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The Power Went Out at CES

LAS VEGAS, NV - JANUARY 10:  An attendee uses a flashlight on his smartphone to view a display at the Nikon booth after power was lost inside the central hall during CES 2018 at the Las Vegas Convention Center on January 10, 2018 in Las Vegas, Nevada. CES, the world's largest annual consumer technology trade show, runs through January 12 and features about 3,900 exhibitors showing off their latest products and services to more than 170,000 attendees.  (Photo by David Becker/Getty Images)
This was not supposed to happen. David Becker/Getty Images

LAS VEGAS—The power went out late Tuesday morning at CES—an awkward inconvenience on the second day of tech’s biggest show of the year. Around 11 a.m. PST, the bustling Central Hall of the Las Vegas Convention Center went dark, confusing tens of thousands of people as they mingled and demoed televisions, VR headsets, smart refrigerators, speakers, and more. (Update: The lights went back on around 1:15 p.m. PST.)

I spoke to two employees of the convention center who told me a transformer has gone out and that Nevada Power was on the way to fix it.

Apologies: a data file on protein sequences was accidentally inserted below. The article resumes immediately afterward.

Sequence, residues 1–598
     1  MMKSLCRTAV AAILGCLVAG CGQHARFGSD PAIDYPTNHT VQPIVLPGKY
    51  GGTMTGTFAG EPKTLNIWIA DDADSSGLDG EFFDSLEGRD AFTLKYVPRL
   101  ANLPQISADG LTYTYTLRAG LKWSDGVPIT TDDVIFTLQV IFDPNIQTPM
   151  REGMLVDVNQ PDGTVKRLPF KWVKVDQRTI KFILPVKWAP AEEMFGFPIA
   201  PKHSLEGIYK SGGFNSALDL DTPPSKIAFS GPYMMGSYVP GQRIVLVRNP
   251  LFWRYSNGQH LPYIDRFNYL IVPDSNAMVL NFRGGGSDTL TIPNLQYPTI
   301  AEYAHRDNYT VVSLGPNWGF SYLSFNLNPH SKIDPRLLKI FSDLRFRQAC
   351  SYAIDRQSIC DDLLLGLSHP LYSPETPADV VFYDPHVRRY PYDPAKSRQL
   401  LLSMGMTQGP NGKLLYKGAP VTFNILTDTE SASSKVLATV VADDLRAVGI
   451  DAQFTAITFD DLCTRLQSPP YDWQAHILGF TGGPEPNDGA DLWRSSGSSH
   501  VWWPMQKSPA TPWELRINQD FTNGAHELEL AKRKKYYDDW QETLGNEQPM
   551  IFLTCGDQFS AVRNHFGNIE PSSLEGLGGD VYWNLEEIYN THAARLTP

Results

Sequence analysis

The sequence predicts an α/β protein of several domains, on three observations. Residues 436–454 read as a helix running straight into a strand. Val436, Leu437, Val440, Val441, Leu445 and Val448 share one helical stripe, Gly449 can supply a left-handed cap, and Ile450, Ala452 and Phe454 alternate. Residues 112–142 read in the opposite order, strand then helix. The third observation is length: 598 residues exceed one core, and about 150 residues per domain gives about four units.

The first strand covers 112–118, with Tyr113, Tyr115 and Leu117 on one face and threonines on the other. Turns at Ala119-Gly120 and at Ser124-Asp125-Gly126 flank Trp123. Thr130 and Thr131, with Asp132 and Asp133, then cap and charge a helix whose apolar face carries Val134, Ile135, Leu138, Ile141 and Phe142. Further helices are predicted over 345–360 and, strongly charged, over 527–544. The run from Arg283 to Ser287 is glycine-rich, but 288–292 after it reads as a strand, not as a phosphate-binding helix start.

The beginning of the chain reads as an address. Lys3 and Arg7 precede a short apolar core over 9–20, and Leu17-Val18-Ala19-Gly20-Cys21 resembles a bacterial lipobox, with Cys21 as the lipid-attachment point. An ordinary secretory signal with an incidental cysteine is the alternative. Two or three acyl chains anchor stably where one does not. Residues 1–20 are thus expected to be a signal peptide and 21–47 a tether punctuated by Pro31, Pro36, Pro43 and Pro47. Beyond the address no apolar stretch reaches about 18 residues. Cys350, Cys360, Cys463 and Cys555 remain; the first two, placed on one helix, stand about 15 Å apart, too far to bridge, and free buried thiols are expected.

They both said that in the years they’ve worked there, that this had never happened. The power outage only affected the Central Hall, according to another person who works at the convention center. Exhibitors in the Central Hall incude some of the bigger ones at CES, like Panasonic, Qualcomm, Intel, and LG.

I was sitting against the wall writing a story when the lights went out. A collective gasp could be heard across the hall as thousands of people immediately pulled out their phones to light the way. (A few booths still had lights, like the one from Casio, which must have had some kind of backup power source on hand.) It took about 15 minutes before everyone started being asked to leave. After I exited the hall to find out what happened, employees wouldn’t let me back in. My college Will Oremus told me he was in the middle of a virtual reality demo and that none of the passengers noticed because their headsets didn’t stop and they had headphones on.

It wasn’t clear how long it will take for the lights to come back on. In the meantime, the electronics companies, some of which have spent hundreds of thousands of dollars to set up shop here, are almost certainly really pissed off.

Read more of Slate’s coverage of CES 2018.

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